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Holocene palaeoenvironmental changes in the Thar Desert: an integrated assessment incorporating new insights from aeolian systems

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Author(s)

Aayush Srivastava, David S.G. Thomas, Julie A. Durcan, Richard M. Bailey

School/Research organisations

Abstract

Due to the scarcity of geochemical and palaeoecological proxies in drylands, dunes have often been used as geoproxies for late Quaternary palaeoenvironmental reconstruction, with chronologies commonly provided by luminescence dating. Owing to their widespread occurrence and location in a monsoonal regime, dunes in the Thar Desert in South Asia act as important archives of past landscape change. Previous reviews have assimilated dune age data from the Thar and suggested a temporally and spatially complex record of sediment accumulation over the last ∼70 ka. New luminescence age data presented in this study and from recent dunefield based investigations demonstrate a stronger Holocene record of dune building in parts of the Thar than previously suggested.

In this study, the Accumulation Intensity (AI) methodology is applied to new and old data sets, providing records of dune accumulation that can be analysed alongside other palaeoenvironmental records. AI analysis demonstrates the significance of Holocene dune accumulation in the Thar landscape, with accumulation peaks observed between ∼12 and ∼8 ka, centred around ∼7, ∼5 and ∼3.5 ka, and in last two millennia. The strengthening of the Indian Summer Monsoon remains a significant influence on widespread dune accumulation in the early Holocene, but dunefields have also shown diverse and spatially intensive responses to sediment supply and anthropogenic disturbances during the late Holocene. Additionally, aeolian-fluvial sequences associated with the Ghaggar-Hakra palaeochannel along the northern margin of the Thar also display dynamic geomorphic behaviour during the Holocene. The integration and interpretation of the AI data with published, highly resolved geochemical proxies of palaeoclimate, shows a complex relationship between geoproxy and geochemical records. We suggest that process studies of geomorphologic systems and their diverse responses to the same environmental stimuli must be given due consideration before deriving palaeoenvironmental interpretations. Despite the presence of over a hundred Holocene dune records from the Thar, there still remains marked spatial and temporal gaps. Further intensive investigations of distinct dunefields with a strong chronometric framework and geomorphological grasp are required to gain significant insights into wider Thar landscape and palaeoenvironmental dynamics.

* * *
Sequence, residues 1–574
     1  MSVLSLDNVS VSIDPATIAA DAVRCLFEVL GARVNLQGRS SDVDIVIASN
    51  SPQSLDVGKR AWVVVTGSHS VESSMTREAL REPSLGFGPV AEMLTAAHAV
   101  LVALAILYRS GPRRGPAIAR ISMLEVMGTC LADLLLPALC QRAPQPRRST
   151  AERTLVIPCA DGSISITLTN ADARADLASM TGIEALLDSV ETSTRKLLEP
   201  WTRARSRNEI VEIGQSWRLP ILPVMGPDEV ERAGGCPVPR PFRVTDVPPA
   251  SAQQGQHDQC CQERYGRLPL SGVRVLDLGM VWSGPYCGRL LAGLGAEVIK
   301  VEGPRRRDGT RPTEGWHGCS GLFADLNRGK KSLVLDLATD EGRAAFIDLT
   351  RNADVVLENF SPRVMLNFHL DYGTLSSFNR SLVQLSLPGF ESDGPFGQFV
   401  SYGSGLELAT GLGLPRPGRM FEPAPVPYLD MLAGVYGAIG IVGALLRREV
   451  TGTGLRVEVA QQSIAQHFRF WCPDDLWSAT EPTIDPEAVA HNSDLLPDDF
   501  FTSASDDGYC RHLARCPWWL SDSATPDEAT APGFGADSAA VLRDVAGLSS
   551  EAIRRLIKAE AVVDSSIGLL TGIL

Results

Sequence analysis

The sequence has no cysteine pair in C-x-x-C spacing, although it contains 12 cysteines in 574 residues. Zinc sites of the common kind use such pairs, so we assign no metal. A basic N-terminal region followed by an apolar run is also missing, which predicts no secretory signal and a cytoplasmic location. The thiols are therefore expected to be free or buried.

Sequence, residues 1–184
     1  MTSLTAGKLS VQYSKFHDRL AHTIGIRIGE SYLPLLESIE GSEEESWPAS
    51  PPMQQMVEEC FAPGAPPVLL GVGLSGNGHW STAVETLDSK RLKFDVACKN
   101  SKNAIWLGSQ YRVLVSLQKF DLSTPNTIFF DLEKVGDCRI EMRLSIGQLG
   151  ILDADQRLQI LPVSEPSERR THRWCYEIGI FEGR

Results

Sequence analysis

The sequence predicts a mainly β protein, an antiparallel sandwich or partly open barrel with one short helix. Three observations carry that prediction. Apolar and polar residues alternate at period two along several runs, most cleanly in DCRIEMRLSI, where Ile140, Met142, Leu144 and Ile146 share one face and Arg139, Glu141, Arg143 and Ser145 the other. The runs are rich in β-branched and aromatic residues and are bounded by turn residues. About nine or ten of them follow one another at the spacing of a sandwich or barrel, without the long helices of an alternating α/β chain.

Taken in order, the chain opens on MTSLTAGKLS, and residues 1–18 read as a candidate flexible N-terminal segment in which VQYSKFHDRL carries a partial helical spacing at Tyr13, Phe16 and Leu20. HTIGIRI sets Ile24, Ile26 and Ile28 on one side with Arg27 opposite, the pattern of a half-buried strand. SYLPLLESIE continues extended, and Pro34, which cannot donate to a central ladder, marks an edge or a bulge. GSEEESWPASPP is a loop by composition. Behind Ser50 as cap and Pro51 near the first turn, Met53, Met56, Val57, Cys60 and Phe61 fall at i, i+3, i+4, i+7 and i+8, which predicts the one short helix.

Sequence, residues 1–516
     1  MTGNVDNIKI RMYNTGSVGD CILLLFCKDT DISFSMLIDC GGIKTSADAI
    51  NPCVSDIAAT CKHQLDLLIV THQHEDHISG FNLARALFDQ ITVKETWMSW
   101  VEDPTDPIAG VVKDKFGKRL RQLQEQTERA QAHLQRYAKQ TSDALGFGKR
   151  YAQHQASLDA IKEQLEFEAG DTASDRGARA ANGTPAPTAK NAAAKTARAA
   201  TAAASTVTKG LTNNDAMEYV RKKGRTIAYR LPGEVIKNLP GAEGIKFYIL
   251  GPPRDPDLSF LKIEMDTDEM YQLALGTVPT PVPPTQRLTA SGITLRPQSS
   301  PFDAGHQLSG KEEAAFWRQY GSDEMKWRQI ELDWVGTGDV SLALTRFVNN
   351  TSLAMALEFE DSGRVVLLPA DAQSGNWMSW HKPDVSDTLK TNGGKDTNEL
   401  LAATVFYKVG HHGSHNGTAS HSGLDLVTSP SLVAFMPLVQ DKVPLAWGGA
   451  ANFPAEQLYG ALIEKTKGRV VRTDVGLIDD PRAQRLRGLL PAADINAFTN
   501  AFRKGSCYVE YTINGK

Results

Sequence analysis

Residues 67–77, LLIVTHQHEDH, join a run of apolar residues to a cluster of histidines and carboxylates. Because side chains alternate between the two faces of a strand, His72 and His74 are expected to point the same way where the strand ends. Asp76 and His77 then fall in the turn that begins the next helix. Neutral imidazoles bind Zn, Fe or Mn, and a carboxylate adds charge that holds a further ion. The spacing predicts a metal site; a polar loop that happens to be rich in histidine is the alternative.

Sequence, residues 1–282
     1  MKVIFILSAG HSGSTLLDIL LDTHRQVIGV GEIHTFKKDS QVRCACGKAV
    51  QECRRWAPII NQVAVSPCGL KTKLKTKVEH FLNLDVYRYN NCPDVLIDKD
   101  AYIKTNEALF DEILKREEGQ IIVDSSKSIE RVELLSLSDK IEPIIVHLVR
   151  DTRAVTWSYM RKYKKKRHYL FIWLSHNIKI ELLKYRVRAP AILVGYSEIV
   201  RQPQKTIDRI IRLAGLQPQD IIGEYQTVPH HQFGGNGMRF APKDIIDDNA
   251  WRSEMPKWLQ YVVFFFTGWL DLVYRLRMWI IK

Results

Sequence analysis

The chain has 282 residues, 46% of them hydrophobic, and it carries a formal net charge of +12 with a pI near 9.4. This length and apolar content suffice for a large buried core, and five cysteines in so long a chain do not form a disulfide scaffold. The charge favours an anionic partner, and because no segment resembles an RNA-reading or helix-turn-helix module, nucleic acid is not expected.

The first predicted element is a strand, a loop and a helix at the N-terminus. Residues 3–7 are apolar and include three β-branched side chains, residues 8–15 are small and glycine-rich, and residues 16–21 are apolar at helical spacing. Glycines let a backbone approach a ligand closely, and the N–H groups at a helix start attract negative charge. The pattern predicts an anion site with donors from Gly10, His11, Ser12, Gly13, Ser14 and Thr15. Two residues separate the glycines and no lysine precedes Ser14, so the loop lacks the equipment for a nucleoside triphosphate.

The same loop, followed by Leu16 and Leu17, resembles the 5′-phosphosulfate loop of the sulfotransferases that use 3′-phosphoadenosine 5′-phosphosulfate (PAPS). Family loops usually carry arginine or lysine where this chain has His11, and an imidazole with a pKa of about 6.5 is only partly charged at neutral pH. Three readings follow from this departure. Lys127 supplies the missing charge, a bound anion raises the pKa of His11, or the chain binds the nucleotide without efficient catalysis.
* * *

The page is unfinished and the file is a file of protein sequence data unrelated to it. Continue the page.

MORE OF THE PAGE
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Details

Original languageEnglish
Article number106214
JournalQuaternary Science Reviews
Volume233
Early online date19 Mar 2020
DOIs
Publication statusPublished - 1 Apr 2020

    Research areas

  • Accumulation intensity, Dune accumulation, Holocene, Palaeoenvironmental change, Thar desert

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